Posted January 20, 2016

Low-income students succeed at Temple

Data shows Temple performs the best of universities in Philadelphia at graduating Pell Grant recipients at the same rate as other students.

Four Temple “T” flags on Main Campus.
Ryan S. Brandenberg
Nearly 10,000 Temple students received Pell Grants in the 2013–2014 academic year.
When it comes to the rate at which universities in Philadelphia educate and graduate students who receive Pell Grants compared to the rest of the student body, Temple is at the top. Nationally, recipients of the grants—which are awarded to low-income students—graduate at an average rate of 5.7 percent below students in higher income brackets. At Temple, the difference is a scant 0.5 percent. 
A recent article published by uses data compiled by The Education Trust to compare the graduation rates of Pell and other students at Philadelphia institutions. The numbers show students receiving Pell grants at Temple graduate at nearly the same rate as other students.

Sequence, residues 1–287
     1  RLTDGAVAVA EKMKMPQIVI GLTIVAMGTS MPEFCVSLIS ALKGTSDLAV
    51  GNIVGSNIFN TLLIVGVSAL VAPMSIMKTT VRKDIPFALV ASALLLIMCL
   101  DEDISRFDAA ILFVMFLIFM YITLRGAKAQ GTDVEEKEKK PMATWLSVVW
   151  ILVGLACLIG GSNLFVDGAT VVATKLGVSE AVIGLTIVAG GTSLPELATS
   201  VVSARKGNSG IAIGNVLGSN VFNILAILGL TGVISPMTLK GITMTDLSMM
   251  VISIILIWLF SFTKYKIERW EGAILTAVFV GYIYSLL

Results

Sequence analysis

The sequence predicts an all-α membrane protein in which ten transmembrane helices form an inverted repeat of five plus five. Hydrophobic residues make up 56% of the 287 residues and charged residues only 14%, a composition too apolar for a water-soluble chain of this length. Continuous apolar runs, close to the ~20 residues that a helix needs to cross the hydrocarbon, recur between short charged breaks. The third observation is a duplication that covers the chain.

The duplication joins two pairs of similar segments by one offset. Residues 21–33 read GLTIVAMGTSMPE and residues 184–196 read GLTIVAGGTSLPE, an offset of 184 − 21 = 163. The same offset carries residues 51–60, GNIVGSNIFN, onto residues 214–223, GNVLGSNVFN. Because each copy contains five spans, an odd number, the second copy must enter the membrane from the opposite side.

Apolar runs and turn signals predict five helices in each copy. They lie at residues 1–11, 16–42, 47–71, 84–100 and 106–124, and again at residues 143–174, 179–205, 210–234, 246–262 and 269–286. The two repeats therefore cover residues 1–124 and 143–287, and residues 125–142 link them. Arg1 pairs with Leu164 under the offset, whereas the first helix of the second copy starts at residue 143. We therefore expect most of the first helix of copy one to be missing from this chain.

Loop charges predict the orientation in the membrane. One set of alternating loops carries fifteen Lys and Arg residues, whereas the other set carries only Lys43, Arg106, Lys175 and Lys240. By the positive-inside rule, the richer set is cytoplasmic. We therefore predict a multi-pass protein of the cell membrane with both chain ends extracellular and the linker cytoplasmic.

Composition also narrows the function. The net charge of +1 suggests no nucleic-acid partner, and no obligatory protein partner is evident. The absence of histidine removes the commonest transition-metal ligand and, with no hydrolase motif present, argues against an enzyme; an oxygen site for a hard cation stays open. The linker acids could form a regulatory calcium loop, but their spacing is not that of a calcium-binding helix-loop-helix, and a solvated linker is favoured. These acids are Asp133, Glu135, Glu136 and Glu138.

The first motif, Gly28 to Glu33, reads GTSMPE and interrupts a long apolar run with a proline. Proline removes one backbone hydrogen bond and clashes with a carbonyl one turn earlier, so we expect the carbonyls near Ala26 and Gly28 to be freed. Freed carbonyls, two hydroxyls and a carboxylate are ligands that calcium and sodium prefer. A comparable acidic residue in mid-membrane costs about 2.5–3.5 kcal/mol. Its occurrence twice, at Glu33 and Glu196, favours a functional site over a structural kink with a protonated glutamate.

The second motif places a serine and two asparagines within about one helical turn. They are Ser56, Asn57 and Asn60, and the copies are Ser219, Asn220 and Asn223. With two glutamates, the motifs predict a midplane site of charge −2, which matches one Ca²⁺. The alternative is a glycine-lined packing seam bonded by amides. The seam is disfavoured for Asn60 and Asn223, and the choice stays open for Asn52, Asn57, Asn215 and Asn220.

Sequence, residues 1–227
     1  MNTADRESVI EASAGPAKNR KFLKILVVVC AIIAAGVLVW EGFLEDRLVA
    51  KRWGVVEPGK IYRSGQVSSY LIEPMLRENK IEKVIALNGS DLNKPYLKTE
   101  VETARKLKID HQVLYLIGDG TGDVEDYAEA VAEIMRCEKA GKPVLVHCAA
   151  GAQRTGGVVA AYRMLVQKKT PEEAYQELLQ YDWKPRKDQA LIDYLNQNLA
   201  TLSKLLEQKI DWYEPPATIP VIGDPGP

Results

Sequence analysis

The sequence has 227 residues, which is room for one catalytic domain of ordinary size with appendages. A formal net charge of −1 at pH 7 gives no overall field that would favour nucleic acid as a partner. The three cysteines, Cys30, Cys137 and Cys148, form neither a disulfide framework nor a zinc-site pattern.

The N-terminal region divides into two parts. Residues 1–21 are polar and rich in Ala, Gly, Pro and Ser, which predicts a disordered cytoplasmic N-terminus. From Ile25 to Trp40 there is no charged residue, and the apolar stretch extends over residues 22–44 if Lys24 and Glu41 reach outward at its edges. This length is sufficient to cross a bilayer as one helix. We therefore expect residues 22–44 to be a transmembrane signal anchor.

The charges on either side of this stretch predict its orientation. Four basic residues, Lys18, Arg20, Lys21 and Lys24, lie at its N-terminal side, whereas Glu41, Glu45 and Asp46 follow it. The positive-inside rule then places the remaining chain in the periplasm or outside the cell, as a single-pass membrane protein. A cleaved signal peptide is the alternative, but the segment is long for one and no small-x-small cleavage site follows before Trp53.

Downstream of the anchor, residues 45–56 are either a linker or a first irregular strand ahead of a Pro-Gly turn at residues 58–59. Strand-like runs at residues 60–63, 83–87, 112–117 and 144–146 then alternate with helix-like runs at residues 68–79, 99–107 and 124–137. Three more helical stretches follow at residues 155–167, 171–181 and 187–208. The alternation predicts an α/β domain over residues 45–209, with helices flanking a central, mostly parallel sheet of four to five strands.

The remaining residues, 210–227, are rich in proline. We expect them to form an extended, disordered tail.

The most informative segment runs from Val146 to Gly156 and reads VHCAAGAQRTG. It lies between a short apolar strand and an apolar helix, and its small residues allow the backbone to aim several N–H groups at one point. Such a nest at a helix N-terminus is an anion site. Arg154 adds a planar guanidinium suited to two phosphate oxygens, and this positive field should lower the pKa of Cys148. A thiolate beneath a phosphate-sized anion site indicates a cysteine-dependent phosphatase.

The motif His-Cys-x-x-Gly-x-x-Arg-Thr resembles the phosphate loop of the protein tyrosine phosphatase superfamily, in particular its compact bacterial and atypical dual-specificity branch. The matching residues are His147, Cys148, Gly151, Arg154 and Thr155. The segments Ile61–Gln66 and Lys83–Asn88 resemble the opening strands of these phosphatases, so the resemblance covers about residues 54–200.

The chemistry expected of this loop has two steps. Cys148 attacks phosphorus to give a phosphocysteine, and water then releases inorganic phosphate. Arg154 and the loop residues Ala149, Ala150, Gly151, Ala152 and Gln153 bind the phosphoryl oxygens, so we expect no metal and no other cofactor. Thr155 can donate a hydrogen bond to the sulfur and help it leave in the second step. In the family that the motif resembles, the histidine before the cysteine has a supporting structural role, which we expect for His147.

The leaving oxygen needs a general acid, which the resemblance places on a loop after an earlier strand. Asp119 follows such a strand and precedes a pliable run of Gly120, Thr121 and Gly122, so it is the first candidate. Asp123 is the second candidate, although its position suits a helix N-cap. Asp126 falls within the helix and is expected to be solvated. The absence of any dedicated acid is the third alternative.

Part of the success of Temple students can be attributed to an innovative, data-based program designed to address the risk factors that contribute to first-semester students’ likelihood of dropping out. According to Peter R. Jones, senior vice provost for undergraduate studies, the No. 1 risk factor program administrators look for is whether students have received Pell Grants, which were awarded to nearly 10,000 Temple students in the 2013–2014 academic year. 
Each student identified through the program is paired with an advisor during his or her first semester. Advisors let them know about the resources available on campus to help students succeed, such as the Center for Learning and Student Success and the Writing Center. Additionally, the university tracks grades and class attendance for students six weeks into each semester, and alerts advisors if it appears they are facing challenges. 
As Jones told Billy Penn: “We’re like the last leg of a relay race. Many of these students have struggled against the odds in middle school and high school. I’ll be damned if they come to Temple and drop the baton on the last leg.”
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